The New York Times reports that federal prosecutors in Manhattan have charged three men, who are Chinese citizens, with making several million dollars by trading on information stolen by some of the top New York merger-advising law firms. At least seven firms were targeted, according to the article, in an attempt to obtain information about deals that were still in the works. The men successfully obtained the emails of partners who work on mergers at two firms, using the information to buy shares of the mentioned companies and then sold after the mergers happened.
Cyber Security + Fraud = Wake Up Call
The concern that hackers can and will breach the technology defenses of big law firms in search of confidential information related to corporate clients in order to turn a profit has been a long-time concern for federal authorities. This is despite most major law firms playing down the possibility of a threat posed by hacker and their reluctance to discuss any breaches or attempts thereof.
The U.S. attorney in Manhattan, Preet Bharara, said in a statement that law firms around the world “are and will be targets of cyber hacking” because the information these firms hold is valuable to criminals. The victimized law firms were not mentioned by name in the criminal indictment nor in a parallel civil complaint brought by the Securities & Exchange Commission. Security consultants in the field have noted that law firms are the “weakest link” when it comes to hacking.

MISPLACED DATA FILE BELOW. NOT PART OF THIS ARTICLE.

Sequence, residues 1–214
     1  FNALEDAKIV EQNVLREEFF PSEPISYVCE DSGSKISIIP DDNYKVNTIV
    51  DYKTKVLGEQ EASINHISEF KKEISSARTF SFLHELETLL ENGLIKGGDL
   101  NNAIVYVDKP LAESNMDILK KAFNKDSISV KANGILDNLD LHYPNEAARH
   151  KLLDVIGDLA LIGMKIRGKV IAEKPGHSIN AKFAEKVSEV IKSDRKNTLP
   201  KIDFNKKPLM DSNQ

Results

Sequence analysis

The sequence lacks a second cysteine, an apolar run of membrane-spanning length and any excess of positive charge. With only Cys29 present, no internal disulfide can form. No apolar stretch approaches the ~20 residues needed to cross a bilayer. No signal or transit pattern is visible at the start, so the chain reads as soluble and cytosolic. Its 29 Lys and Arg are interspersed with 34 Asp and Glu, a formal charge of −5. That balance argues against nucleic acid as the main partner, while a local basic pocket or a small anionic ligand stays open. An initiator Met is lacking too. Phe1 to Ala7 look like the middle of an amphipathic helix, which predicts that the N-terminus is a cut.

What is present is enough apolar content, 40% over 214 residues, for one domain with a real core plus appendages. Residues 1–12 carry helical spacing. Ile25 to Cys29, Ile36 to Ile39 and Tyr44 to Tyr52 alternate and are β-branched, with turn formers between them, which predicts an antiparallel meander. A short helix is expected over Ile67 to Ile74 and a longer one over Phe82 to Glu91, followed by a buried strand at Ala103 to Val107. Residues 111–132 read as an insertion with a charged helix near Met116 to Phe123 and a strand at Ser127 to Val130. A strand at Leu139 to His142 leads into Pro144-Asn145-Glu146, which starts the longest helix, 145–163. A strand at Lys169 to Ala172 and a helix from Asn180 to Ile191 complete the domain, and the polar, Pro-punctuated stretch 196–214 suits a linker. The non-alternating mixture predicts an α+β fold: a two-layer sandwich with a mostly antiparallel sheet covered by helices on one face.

The three men were aggressive in their pursuit of inside information. The NY Times noted that the indictment stated that from March to September of 2015 the three men attempted unauthorized access to the networks and servers of the targeted firms more than 100,000 times.
The Computer Fraud & Abuse Act (CFAA) is the primary guide when it comes to prosecuting computer crimes in federal hacking cases. Other federal statutes that are often used for computer-related legal issues include:
- Wiretap Act: Prohibits any person from making an illegal interception, disclosing, or using illegally intercepted materials and its application includes law enforcement; and
- Unlawful Access to Stored Communications: With a focus on protecting email and voicemail from unauthorized access.
Other relevant federal statutes include Identity Theft and Aggravated Identity Theft, Access Device Fraud, CAN-SPAM Act, Wire Fraud and Communication Interference. Beyond federal law, almost every state in the nation has its own computer crime statutes with its own prosecutorial system. It is not uncommon for states to work together with federal authorities if necessary during a prosecution.
Computer Crime Attorney
Computer crime laws cover a vast array of actions that destroy, or interfere with, the normal use and operation of a computer system. If you or someone you know believes they have been the victim of a computer crime, contact a knowledgeable attorney right away.